"I'm talking about community parks, maybe a few blocks from these houses, that you could walk to, or walk your dog around," said Gardina. "The money's there. It's just a question of getting the county to move on it."
Meanwhile, requests from Baltimore County's department heads are flowing into the county budget office for an initial review.
The police have requested a $103 million spending plan that includes a $20,800 video camera that can be hidden on a utility pole and controlled from a distance to watch suspected drug activity.
They also want $23,300 for three electronic monitoring devices that will allow investigators to track cars being driven by suspected drug dealers and record the routes they travel and addresses where they stop.
Bill Toohey, a county police spokesman, said the equipment is intended to free up officers who otherwise would be parked on a stakeout near a drug dealer's house or tailing drug dealers in their cars.
Sheriff Anne K. Strasdauskas wants $118,000 to beef up overnight courthouse security; the circuit judges want $70,000 for a family court master to speed divorce cases; and the computer systems chief, Thomas G. Iler, wants an $88,000 computer center for county employees.
Iler said the center would be in the basement of the courthouse, would have space for 10 people and would train workers in the most efficient ways to use the millions of dollars' worth of computers purchased in recent years.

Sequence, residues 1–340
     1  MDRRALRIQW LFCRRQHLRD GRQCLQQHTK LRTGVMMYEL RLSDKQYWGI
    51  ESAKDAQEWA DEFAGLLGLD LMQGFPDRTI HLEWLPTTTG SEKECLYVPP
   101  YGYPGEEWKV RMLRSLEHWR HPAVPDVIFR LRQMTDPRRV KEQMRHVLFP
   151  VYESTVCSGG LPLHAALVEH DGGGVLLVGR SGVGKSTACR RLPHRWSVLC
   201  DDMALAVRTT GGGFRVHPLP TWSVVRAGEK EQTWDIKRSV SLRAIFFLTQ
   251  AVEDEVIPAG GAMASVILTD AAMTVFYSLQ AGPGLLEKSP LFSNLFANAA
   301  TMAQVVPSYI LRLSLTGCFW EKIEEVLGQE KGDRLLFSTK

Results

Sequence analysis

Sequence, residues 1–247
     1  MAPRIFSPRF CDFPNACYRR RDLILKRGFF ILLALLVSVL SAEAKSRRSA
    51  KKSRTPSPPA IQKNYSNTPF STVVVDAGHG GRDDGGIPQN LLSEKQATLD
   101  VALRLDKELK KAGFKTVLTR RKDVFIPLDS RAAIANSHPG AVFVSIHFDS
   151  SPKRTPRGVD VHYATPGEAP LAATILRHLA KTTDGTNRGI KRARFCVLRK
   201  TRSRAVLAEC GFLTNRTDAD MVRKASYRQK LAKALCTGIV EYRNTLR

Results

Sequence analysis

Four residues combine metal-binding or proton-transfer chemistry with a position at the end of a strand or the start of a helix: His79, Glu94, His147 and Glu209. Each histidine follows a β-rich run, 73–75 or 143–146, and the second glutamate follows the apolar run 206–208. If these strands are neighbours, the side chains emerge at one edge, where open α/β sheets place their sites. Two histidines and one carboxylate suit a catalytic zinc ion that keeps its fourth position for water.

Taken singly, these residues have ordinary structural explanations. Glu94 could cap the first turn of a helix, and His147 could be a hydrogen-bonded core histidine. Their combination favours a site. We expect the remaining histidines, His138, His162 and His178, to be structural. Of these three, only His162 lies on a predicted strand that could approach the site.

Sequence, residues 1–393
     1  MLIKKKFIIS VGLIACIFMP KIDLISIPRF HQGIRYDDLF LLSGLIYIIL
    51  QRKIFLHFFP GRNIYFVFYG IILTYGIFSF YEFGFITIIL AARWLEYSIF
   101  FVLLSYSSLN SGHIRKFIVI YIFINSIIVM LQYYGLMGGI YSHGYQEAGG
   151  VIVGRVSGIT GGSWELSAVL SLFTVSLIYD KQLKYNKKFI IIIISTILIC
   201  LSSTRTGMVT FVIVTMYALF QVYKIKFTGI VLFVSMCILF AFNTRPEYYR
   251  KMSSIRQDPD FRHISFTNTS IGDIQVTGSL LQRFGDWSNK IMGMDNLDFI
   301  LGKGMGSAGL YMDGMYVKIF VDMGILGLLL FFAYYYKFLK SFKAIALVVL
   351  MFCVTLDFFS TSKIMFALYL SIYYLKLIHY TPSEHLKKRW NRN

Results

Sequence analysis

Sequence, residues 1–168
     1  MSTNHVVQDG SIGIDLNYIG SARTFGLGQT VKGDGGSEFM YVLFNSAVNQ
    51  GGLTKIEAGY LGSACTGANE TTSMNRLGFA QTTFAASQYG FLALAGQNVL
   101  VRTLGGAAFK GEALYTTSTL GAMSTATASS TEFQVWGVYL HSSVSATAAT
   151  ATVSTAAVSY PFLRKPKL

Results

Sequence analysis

"If people sitting in front of these computers don't know how to get the value out of them, then we haven't invested wisely," he said.
Despite the record surplus in Baltimore County and in other jurisdictions, there seems to be minimal support for tax cuts.
In Anne Arundel County, officials are being pressed to spend much of their $22 million surplus on school renovations.
In Howard County, the $11.8 million surplus is likely to be used to help pay for a $20 million, 800-megahertz emergency radio system and renovations to county facilities.
"It's the same in the county as at the state level: There's no interest in tax cuts. There's an apathy that's set in," said John D. O'Neill of Ruxton, a leader of a countywide tax revolt in the early 1990s and the former president and founder of the Maryland Taxpayers Association.
Harold Lloyd, another longtime Baltimore County tax activist, attributes the lack of support for tax cuts to an economy that has stabilized property tax assessments and given people more cash.
"Because of this strange, robust economy, I think it's just not on people's minds," he said.
But council members also warn that Ruppersberger must avoid creating long-term debt in the budget he submits to them April 14. The spending plan will have trouble winning approval if it calls for many new employees or establishes programs that will cost taxpayers year after year, they say.
"We can't lock ourselves into a lot of new expenses when we aren't sure if the revenues are going to be there a few years down the road," said Councilman T. Bryan McIntire, a Republican who represents the north county Owings Mills corridor.
The same economic analysis that predicts solid tax revenues this month also sounds a warning.
It predicts that future increases in the county general fund will soon begin tapering off, with the $1 billion general fund increasing by only $19 million next year -- compared with the $38 million increase this year.
"I think everybody realizes that the good times we're seeing now aren't going to last forever," said county auditor Brian J. Rowe.
Pub Date: 2/28/99